Another under achievement from the Three Lions. Hodsgon has full backing of the English FA and is expected to stay at the helm of the national side despite his men flattering to deceive.
Costa Rica surprised all at this World Cup where they had their best ever showing reaching the quarters.
The tournament’s surprise package beat Italy and Uruguay, and drew with England to top their group. They beat Greece in the last 16 but took teh Dutch all the way before losing on penalties in the last 8 – nonetheless a very fine showing indeed from Los Ticos.
Failing to fire
Before the World Cup started we expected the likes of Lionel Messi, Cristiano Ronaldo, Neymar and many others to shine in this edition, but a lot of them failed to make their mark leaving the lesser-known players to take centre stage.
Messi was arguably the driving force behind Argentina’s push to their first final since 1990.
Despite flashes of the brilliance that earned him four World Player of the Year awards, the diminutive number ten failed to fire on all cylinders, although the captain did win the golden ball for the best player of the tournament.
Compatriot and footballing legend Diego Maradona later criticised the decision to award his compatriot with the prize saying ‘he didn’t deserve it’.
Cristiano Ronaldo’s attempts to establish himself as the greatest fell way short.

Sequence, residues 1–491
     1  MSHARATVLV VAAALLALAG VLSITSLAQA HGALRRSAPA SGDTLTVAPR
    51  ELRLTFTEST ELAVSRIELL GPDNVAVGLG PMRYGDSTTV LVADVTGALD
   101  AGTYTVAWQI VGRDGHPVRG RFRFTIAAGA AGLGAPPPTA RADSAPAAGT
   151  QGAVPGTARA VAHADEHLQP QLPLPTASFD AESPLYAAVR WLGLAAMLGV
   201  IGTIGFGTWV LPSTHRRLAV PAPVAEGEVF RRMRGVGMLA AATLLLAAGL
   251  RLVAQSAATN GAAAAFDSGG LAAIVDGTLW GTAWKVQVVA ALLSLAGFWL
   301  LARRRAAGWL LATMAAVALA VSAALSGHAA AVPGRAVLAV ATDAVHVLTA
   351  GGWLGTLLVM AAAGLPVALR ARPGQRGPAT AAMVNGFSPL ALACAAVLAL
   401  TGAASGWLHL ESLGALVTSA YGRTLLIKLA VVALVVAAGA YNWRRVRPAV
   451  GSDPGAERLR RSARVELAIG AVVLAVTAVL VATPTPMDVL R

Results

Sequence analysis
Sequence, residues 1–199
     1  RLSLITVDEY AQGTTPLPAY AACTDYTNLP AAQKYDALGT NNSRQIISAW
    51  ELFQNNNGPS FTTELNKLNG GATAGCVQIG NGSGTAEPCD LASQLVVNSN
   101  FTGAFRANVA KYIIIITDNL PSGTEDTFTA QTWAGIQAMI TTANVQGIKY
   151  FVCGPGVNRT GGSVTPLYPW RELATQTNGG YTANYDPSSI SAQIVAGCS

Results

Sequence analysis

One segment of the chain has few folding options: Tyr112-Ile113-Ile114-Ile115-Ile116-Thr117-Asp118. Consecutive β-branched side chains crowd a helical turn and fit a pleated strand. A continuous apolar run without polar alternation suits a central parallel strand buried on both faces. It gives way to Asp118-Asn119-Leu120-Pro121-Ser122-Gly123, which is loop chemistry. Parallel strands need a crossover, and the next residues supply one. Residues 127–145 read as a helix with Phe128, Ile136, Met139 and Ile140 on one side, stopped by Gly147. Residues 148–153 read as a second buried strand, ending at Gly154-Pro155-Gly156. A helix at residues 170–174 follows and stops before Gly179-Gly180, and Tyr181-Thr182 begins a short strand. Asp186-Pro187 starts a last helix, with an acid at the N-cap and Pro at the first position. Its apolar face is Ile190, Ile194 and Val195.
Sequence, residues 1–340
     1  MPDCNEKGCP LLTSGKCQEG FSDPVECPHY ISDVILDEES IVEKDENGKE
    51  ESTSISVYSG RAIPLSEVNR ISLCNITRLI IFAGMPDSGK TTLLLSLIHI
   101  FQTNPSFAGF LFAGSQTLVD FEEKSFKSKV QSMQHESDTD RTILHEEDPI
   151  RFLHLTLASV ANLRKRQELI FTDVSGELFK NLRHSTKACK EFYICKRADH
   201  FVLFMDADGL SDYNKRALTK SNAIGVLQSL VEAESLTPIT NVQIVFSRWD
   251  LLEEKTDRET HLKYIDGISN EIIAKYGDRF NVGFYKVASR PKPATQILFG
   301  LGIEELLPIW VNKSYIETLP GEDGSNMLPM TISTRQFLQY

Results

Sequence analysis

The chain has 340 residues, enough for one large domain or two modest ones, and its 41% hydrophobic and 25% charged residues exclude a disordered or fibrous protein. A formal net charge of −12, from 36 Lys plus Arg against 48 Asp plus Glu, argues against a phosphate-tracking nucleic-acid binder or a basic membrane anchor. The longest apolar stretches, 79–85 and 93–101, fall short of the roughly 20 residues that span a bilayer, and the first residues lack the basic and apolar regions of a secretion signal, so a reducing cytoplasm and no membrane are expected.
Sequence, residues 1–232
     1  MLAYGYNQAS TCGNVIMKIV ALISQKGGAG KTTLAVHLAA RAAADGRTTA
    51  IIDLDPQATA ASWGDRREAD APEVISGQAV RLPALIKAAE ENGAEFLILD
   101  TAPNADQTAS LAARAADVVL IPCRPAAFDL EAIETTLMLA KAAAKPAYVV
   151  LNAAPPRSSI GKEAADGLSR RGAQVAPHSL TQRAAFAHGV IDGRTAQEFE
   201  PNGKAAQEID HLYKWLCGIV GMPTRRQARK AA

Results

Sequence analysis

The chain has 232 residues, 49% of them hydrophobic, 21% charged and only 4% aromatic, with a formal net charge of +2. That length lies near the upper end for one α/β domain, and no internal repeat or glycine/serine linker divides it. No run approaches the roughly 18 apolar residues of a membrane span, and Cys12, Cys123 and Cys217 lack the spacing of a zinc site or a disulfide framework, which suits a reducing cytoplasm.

The Portuguese hitman failed to live up to his status as World player of the Year and after an unimpressive campaign left Brazil early with his team.
Neymar is Brazil’s darling and he was hoping for World Glory on home soil. Instead all he got was frustration a plenty and a fractured vertebra in the quarter-finals which ruled him out of the rest of the tournament.
James Rodriguez certainly put his name on the world map with a series of stunning performances in front of goal that earned the Colombian striker the Golden Boot award as as the top scorer with 6 goals.
A low moment of the World Cup came when Luis Saurez bit Italy’s Girogio Chiellini during the group stage.
FIFA went on to ban him from all football-related activity for four months on top of a ban of nine competitive international matches.
It’s not just the strikers that make the hero headlines. The shot-stoppers also had their moments of glory too.
Germany’s Manuel Neuer was in devastating form between the sticks especially in the latter stages of the competition. He was awarded the ‘Golden Gloves’ as the tournament’s top keeper
Costa Rica’s Keylor Navas was one of the revelations in La Liga last season and also impressed at the World Cup with a string of fine displays.
Argentina’s Sergio Romero went from Monaco reserve keeper to World Cup hero.
Mexico’s Guillermo Ochoa also lit up Brazil with some stunning saves.
Rais M’Bolhi pulled off some sensational stops for Algeria against Germany .
Tim Howard became an American legend against Belgium, in game that saw him make a world record 16 saves.
Tim Krul meanwhile has been hailed as the hero for the Netherland’s in their quarter-final penalty shoot-out win over Costa Rica.